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US Congress agrees to avoid debt default |  Abroad

US Congress agrees to avoid debt default | Abroad

US senators signed a deal Tuesday to create a temporary law that would allow Democrats to avoid defaulting on the national debt, without votes from Republican opposition.




The House of Representatives approved the dissolution in an evening vote. The Senate is also expected to approve the one-time bill in the coming days. Then, Democratic senators can avoid defaulting on the national debt by raising the debt ceiling by 51 by 100 votes.

Crucially, Mitch McConnell, the Senate Republican leader, supports the process. “I think it’s in the country’s interest to avoid default,” he told reporters when asked about the complex approach. Republicans can now afford to raise the debt ceiling without actually voting for it, which would be bad for their supporters.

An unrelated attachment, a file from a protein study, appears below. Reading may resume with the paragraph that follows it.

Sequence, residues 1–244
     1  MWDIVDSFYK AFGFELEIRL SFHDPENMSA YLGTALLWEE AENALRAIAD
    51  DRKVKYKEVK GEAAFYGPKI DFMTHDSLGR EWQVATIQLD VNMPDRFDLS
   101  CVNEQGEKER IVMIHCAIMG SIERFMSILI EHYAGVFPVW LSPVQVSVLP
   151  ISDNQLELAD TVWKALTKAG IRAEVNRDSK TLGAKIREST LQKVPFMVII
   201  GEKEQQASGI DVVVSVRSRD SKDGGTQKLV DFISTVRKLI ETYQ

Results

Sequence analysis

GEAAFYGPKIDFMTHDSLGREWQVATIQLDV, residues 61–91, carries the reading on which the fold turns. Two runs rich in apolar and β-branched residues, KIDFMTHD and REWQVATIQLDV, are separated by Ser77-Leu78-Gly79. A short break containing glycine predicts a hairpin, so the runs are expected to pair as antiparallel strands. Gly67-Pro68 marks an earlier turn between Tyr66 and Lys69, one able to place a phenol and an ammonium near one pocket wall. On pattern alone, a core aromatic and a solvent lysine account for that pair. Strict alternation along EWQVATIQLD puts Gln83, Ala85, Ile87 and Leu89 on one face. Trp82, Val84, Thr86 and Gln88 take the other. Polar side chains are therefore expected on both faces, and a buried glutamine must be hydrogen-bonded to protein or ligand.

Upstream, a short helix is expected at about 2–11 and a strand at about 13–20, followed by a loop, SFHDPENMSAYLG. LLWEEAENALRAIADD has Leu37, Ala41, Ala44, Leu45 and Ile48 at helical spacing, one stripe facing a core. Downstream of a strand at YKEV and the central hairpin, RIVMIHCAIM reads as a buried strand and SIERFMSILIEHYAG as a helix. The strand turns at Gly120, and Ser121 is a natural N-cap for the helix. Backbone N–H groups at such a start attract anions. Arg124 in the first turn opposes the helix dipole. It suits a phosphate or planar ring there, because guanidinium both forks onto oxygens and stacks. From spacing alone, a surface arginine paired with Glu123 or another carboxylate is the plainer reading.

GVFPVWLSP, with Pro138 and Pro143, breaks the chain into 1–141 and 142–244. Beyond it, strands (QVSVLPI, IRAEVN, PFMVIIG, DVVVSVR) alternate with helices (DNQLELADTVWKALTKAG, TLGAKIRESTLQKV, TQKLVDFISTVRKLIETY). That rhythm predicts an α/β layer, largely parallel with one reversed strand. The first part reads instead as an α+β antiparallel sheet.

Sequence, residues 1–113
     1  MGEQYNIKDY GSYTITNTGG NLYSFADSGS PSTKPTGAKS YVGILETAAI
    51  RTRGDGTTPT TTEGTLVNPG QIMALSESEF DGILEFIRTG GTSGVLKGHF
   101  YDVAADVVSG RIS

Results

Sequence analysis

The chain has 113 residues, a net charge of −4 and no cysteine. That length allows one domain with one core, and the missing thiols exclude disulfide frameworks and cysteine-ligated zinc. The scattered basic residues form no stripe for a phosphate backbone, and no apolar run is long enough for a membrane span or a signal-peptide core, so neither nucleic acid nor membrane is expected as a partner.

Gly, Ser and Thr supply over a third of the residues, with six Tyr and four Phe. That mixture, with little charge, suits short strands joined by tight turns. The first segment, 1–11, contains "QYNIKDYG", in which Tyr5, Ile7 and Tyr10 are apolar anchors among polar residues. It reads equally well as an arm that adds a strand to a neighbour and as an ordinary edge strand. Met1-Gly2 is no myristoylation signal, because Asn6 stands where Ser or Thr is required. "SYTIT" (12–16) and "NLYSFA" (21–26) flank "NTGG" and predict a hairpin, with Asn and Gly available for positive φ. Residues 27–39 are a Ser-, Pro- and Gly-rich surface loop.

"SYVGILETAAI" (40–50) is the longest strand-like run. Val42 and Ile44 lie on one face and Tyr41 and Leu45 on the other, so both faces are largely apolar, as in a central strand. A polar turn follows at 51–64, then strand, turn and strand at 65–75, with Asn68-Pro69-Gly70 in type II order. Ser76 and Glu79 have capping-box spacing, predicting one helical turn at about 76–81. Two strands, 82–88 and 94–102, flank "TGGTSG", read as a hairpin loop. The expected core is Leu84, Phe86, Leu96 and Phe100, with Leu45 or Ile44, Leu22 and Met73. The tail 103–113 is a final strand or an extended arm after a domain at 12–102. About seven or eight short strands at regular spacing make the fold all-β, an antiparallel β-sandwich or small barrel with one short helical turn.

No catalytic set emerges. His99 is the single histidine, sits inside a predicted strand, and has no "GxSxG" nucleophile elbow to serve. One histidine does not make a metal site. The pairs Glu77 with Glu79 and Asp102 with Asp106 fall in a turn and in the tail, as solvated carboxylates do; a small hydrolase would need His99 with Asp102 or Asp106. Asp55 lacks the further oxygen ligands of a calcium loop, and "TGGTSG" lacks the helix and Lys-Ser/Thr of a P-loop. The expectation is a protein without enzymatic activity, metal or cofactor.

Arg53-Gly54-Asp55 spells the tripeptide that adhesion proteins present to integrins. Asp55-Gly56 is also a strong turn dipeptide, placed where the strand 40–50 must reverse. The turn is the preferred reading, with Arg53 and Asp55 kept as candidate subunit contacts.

The Center for Bipartisan Politics, a think-tank, said last week that it expects the United States will not be able to meet its payment obligations sometime between December 21 and January 28 unless the debt ceiling is raised. According to US Treasury Secretary Janet Yellen, this could happen as early as this week.

The debt ceiling, set by the US Congress nearly eighty years ago to enable the government to meet its spending commitments, is at about $29 trillion (€25.7 trillion). The new borrowing limit has not been precisely set, but it is likely to exceed US$30 trillion (€26.6 trillion).

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